The future of a nation: Turkey's June 7 general elections

Turkish President Recep Tayyip Erdoğan has oftentimes been in the media spotlight for his controversial remarks. From telling the New York Times to ‘know their place’ when they criticize him to claiming that ‘Muslims discovered America’, Erdoğan rarely manages not to make international headlines. With the general elections coming up in little more than a week, the Turkish president continues to do what he can in order to secure his goal.

A presidential system, Erdoğan’s dream

Erdoğan’s goal is clear: he wants his former party, the Justice and Development party (AKP), to win enough seats in order to alter the constitution. On multiple occasions he has called for ‘a minimum of 400 (out of 550) seats’ in order to change what he calls an ‘ineffective parliamentary system’ into a ‘superior presidential system’.

This new presidential system would massively increase Erdoğan’s power as it would effectively combine the legislative and executive powers. Critics have warned that Erdoğan is looking to remove the current checks and balances because he has more than once said he feels ‘chained’ by them.

Controversies & unrest

Though Erdoğan is one of the founders of the AKP, he was forced to abandon party politics when he decided to run for President. The Turkish constitution implies that the President in fact has to be non-partisan, or impartial. The truth however is that the Turkish President has been actively campaigning for his own party while criticizing opposition. On top of this, there have been reports of media bias as well. This hasn’t gone unnoticed, but to no avail

So far, the campaigning period has been everything but calm. There have been two bombings on the Kurdish-problem focused Peoples’ Democratic Party’s (HDP) offices. According to the HDP, there have been over 70 attacks on their offices during the last five months. The main site for unrest has been the southern city of Adana, where in two separate incidents one AKP candidate was shot and a Republican People’s Party (CHP) candidate stabbed.

Human rights situation

According to Human Rights Watch, Turkey is showing a “growing intolerance of political opposition, public protest, and critical media.” The most notable example of this intolerance is a controversial security bill, which broadened police powers and allowed the use of firearms against demonstrators.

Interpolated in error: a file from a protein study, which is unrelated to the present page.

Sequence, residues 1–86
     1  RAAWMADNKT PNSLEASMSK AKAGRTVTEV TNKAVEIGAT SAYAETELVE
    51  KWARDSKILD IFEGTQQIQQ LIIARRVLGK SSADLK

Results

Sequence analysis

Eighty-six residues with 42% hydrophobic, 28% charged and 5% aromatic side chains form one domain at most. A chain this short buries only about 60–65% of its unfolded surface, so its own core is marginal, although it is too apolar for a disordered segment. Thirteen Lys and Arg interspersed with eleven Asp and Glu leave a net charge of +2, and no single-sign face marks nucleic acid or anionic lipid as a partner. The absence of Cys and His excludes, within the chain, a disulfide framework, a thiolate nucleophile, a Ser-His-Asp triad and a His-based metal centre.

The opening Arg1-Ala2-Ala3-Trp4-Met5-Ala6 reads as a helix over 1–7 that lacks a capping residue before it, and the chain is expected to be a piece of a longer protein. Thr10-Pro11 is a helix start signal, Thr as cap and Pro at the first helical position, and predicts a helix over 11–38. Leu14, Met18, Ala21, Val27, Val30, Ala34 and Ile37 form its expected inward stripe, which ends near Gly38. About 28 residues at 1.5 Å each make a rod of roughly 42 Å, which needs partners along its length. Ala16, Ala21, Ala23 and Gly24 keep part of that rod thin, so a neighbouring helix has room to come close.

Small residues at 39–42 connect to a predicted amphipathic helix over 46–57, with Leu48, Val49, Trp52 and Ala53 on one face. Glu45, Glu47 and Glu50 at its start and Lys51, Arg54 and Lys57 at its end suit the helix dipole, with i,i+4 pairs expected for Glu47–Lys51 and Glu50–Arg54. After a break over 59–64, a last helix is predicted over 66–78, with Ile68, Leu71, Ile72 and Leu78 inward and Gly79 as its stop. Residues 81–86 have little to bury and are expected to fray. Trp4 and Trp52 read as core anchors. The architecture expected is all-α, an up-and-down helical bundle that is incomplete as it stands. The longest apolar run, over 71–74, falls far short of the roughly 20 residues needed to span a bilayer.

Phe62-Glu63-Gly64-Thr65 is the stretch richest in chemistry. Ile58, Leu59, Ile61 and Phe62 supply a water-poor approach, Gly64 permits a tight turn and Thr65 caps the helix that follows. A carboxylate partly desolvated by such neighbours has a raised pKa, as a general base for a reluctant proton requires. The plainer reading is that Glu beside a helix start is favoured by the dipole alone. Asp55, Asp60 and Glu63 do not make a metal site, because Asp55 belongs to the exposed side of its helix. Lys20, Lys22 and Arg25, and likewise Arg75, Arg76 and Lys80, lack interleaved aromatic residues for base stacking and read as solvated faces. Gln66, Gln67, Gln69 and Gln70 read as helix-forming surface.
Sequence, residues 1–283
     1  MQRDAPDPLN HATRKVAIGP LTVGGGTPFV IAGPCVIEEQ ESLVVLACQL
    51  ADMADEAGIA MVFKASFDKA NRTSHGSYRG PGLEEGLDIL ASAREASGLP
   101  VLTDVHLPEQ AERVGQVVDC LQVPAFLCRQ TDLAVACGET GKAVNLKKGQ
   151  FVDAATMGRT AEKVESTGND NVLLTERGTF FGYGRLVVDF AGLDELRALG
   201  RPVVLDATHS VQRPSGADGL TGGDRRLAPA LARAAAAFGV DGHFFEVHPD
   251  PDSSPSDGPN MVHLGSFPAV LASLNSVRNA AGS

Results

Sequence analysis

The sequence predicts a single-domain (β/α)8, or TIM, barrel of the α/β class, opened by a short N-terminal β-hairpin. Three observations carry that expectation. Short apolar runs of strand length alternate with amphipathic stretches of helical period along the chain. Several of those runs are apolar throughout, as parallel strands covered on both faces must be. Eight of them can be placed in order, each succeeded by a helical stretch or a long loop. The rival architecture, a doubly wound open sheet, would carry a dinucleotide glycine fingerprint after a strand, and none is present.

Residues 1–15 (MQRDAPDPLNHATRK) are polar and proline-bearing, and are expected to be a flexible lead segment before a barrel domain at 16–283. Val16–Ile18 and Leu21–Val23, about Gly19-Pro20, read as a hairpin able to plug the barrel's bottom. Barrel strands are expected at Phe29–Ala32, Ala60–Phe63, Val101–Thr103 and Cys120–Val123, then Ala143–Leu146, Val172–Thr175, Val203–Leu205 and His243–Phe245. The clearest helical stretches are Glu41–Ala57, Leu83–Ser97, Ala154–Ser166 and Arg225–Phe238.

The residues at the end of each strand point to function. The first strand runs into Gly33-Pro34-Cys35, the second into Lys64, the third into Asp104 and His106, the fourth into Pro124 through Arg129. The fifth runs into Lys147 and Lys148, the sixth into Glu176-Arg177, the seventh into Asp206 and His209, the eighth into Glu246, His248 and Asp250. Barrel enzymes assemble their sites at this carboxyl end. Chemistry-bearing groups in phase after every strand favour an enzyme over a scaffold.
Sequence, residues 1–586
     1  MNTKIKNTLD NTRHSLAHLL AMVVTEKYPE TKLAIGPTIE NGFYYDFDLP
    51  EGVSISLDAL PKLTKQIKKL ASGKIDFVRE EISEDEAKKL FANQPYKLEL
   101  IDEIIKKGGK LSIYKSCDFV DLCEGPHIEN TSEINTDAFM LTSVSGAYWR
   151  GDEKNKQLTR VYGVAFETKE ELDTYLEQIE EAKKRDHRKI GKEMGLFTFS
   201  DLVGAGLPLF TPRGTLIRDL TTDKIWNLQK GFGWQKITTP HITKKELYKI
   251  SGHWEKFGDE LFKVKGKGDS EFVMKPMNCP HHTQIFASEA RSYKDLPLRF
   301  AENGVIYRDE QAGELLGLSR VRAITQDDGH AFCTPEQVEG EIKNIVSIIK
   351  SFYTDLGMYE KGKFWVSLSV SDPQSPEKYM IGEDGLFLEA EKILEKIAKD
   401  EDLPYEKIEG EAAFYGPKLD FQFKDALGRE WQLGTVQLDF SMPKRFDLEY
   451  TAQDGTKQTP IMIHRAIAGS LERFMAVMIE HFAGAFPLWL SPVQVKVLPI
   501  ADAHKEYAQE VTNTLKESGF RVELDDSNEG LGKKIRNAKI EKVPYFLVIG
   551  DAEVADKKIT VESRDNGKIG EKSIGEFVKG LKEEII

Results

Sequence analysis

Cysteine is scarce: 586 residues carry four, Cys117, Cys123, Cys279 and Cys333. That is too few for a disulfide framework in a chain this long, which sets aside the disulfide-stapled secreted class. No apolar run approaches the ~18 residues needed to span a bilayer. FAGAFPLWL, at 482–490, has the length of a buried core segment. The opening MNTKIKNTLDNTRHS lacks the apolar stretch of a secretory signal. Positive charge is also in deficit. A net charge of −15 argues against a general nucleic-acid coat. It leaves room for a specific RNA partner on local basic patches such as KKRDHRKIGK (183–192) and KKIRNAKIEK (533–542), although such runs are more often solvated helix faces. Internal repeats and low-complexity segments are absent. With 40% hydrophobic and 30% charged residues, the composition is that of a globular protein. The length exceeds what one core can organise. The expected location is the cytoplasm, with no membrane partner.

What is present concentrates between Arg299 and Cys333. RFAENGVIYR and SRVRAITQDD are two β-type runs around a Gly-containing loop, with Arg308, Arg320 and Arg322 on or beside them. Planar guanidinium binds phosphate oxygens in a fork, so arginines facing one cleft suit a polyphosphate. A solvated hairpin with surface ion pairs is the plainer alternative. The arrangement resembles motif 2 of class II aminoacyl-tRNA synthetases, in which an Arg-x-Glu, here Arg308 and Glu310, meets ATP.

The bill is a response to the violent protests in 2014 by sympathizers of the outlawed PKK. The protests were in turn a result of the Turkish unwillingness to help the Kurdish defend the Syrian city of Kobani against IS. The bill has been slammed by the opposition and human rights organisations. The European Parliament's Turkey rapporteur Kati Piri expressed the EP’s concern, stating that the bill endangers the right to protest, freedom of expression and privacy.

Media freedom has also been restricted heavily, not only for journalists but on social media as well.  Erdoğan has also shown to be critical of gender equality, stating in November 2014 that “women and men are not equal” because “it is against nature.” Human rights have been a focal point for opposition parties CHP and HDP, who claim the government is currently failing to protect its citizens freedoms and rights.

Unlikely victory?

A minimum of 367 seats, or a majority of two thirds is required in order to change the constitution. This goal seems to be out of reach as the AKP won 363, 341 and 321 seats respectively in the last three elections, in a decreasing order. In fact, recent polls show that AKP’s popular support has fallen from the 45-47 percent mark to roughly 41 percent. Polls over recent months have also shown that support for Erdoğan’s presidential system is wavering.

The Turkish opposition also has its part to play in preventing a constitutional majority. All opposition parties have clearly shown to be against the presidential system. As the support for AKP is slowly decreasing, the support for the oppositional left-wing CHP and Nationalist Movement Party (MDP) is increasing. Their role is important, but not as important as that of the Kurdish-focused HDP.

The importance of the HDP

The biggest question in the 2015 general elections is whether HDP will meet the 10% electoral threshold. Currently in parliament with 29 seats, they’re looking to compete in the elections for the first time as a party. Previously they were elected through individual candidates.

Their main challenge lies in convincing conservative Kurdish voters, who would rather vote for the more conservative AKP than the HDP. The reason for this is that HDP does not only focus on minority rights for Kurds, they also focus on more secular goals such as gender equality. However, the government’s refusal to help the Kurds in Kobani in October 2014 has severely damaged the AKP's popularity amongst its conservative Kurdish supporters. The HDP have in turn attracted the attention of more secular voters due to their new catch-all approach.

The HDP’s participation is crucial for Turkey’s future because if they meet the 10% election threshold, they’ll more than likely prevent the AKP from achieving a constitutional majority as they would gain approximately 65 seats. However, if they fail to meet the threshold they will not get a single seat. Instead, those seats would predominantly go to the AKP party, most likely granting it the constitutional majority. It is clear that the HDP’s participation and results in the 2015 elections are important to Turkey’s future, the result of the 2015 general elections will therefore indeed decide the future of a nation.

 

Sources: Hurriyet 1 2 3 4 5 6, Washington Post 1 2 3, Todays Zaman 1 2 3, New York Times, Human Rights Watch, NOS.nl, Freedom House, Financial Times, Reuters, BBC.

 

By Jules Damoiseaux

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